The first grave conflict between Church and Roman Empire after Pilate's execution of Jesus was the accidental consequence of Nero needing to blame an unpopular scapegoat for fire at Rome in ad 64. But the Christian refusal to acknowledge the gods by whose favour the empire enjoyed fertile crops and wives and secure frontiers, or to take an oath by the genius of the emperor, provoked distrust and fear. The customs and institutions of society involved participation in idolatrous sacrifices. It was accepted that Jews were exempt from these; that was their ancestral religion and justifiable, even if bizarre. But Christians were being converted from all sorts of ethnic backgrounds. It could help one to lie low if one was vegetarian, as were a few philosophers mainly in the Pythagorean tradition. Little meat was eaten which had not first been offered at some altar. But soldiers could not avoid being present at polytheistic rites, which enhanced Christian reluctance to serve as army officers. A public stand would end in trial and martyrdom.
The apparently suicidal, almost theatrical impression created by martyrs drew much attention to the Church, where the model of the Maccabees' resistance to Antiochus Epiphanes was closely followed, short of military conflict. In Bithynia the governor Pliny was surprised to discover no secret vices practised at nocturnal assemblies, but reported to the emperor Trajan that the refusal to offer sacrifices was an obstinacy worthy of capital punishment. One governor, confronted by a Christian explaining that simply on ground of conscience he could not co-operate, saw further discussion as a waste of time and ordered immediate execution.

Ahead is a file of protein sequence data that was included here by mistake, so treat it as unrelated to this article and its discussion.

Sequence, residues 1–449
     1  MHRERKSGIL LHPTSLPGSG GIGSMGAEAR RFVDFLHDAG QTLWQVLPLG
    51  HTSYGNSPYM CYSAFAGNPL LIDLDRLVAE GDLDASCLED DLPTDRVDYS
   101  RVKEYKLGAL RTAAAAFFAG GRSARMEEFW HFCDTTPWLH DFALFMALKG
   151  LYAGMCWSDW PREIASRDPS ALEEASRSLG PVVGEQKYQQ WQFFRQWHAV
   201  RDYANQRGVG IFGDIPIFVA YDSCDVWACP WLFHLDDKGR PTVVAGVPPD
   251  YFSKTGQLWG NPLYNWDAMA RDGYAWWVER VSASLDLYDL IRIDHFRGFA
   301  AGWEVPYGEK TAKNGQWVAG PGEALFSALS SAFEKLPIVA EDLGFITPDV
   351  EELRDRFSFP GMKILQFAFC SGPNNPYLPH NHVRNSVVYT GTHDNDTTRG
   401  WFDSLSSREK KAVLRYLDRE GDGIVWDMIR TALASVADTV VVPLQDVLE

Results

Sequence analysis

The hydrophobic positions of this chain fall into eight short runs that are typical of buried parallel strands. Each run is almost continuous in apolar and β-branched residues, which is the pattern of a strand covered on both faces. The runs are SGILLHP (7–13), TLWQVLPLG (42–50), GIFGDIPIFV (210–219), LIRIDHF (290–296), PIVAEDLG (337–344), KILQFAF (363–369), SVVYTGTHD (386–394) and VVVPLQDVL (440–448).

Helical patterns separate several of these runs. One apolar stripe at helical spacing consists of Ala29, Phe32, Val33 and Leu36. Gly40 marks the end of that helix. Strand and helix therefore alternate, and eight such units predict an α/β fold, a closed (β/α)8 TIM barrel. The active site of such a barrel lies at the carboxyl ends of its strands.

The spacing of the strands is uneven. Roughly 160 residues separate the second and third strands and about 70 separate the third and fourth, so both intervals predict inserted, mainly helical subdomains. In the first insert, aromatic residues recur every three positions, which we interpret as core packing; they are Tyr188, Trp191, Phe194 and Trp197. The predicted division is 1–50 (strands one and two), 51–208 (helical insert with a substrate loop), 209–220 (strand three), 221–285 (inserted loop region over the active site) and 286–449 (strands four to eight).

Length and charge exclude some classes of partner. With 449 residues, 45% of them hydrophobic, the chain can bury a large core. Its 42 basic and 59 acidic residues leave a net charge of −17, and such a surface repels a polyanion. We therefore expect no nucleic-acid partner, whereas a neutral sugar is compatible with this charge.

In Rome Justin, soon followed by Tertullian in north Africa, recorded that martyrdoms had the effect of providing huge publicity and attracting converts, notably by offering an obvious refutation of popular accusations of nocturnal vice. In Rome a public disputation between Justin and a pagan philosopher Crescens did nothing to diminish the already substantial community in the city even if it led on to Justin's own trial and death.
In the middle years of the second century the Cynic writer Lucian of Samosata (Syria) composed a witty sketch of a confidence trickster and charlatan, Peregrinus Proteus. Having murdered his father, he deceived a Christian community into making him their leader, so that he received